AIT – Advanced Intelligent Tape – family of tape storage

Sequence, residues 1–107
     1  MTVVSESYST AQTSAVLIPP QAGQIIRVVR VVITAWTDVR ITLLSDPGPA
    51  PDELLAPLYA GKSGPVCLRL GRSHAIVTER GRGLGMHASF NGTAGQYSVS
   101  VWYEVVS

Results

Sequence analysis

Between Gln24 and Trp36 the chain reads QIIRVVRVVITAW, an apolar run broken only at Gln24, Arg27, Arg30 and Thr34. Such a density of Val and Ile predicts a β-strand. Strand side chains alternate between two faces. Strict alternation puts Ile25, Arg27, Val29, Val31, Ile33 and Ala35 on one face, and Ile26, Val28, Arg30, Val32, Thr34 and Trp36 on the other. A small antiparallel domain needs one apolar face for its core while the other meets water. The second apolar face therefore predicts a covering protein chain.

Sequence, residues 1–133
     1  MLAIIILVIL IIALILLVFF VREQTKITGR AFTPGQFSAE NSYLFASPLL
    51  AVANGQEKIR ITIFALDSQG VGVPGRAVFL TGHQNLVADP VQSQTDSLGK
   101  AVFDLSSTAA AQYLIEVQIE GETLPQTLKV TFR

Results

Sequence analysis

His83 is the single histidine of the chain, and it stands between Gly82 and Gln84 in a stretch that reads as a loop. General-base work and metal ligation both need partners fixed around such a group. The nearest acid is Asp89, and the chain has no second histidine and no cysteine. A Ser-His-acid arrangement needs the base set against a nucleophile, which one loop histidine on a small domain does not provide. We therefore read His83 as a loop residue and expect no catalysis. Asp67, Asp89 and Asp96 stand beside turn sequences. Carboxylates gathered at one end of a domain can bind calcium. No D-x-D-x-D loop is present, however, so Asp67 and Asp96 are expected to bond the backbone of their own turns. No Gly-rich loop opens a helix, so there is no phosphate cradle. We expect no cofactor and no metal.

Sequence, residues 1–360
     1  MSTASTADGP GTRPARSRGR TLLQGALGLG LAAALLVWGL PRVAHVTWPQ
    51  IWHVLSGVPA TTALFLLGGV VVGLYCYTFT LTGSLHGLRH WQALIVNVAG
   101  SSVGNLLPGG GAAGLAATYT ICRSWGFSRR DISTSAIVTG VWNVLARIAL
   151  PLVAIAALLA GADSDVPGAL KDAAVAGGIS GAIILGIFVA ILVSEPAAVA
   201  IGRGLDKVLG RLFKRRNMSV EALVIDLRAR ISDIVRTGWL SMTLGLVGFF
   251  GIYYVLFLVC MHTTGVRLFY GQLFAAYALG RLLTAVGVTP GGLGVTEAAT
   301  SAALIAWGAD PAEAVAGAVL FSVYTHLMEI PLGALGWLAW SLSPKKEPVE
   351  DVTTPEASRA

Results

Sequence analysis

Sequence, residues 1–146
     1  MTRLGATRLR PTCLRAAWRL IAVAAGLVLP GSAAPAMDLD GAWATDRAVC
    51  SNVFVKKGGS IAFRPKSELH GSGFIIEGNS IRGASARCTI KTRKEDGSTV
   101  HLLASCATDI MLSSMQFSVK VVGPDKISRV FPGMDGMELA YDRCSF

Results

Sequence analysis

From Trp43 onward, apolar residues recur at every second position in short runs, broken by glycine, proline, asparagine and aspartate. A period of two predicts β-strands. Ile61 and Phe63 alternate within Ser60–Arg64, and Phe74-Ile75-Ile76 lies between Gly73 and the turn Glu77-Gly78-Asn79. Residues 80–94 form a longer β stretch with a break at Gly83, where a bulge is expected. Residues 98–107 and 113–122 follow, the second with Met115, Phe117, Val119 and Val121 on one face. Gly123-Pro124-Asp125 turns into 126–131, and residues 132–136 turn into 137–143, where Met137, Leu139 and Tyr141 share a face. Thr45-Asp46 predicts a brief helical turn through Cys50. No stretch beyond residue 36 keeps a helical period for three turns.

(Advanced Intelligent Tape (AIT) was the first multisourced tape standard targeted at the midrange server market, which is typically characterised by systems that support 2 to 129 users in a commercial environment. Introduced in 1996, AIT was designed to support this key market segment with a combination of exceptional data integrity, speed and capacity. Several breakthroughs make this possible including stronger, thinner media that is more stable and has better coatings than previously available, new head technologies, higher levels of integration and a unique Memory-In-Cassette (MIC) feature. The result is multi-Gbyte, high-performance tape drive systems with very low frequencies of error that are perfect for tape libraries and robotic applications associated with midrange systems backup. Originally consisting of a 16Kbit erasable electrical programmable read-only memory (EEPROM) chip that is mounted within the data cartridge and includes a five-pin contact connector, the MIC hardware was uprated to a 64Kbit device in 1999. When the data cartridge is inserted, a mating connector within the drive contacts the MIC connector and data is read directly from the MIC. The MIC chip essentially stores all of the information normally found on the first segments of tapes used in other technologies. This includes indices to mark where data files are located on the tape and additional data fields that allow application software to write information that is separate from the tape format. Because the drive firmware estimates how far to fast-forward or rewind, it no longer needs to read individual address ID markers as the tape is moving. As the target zone is approached, the motors slow to pick up the ID markers for...

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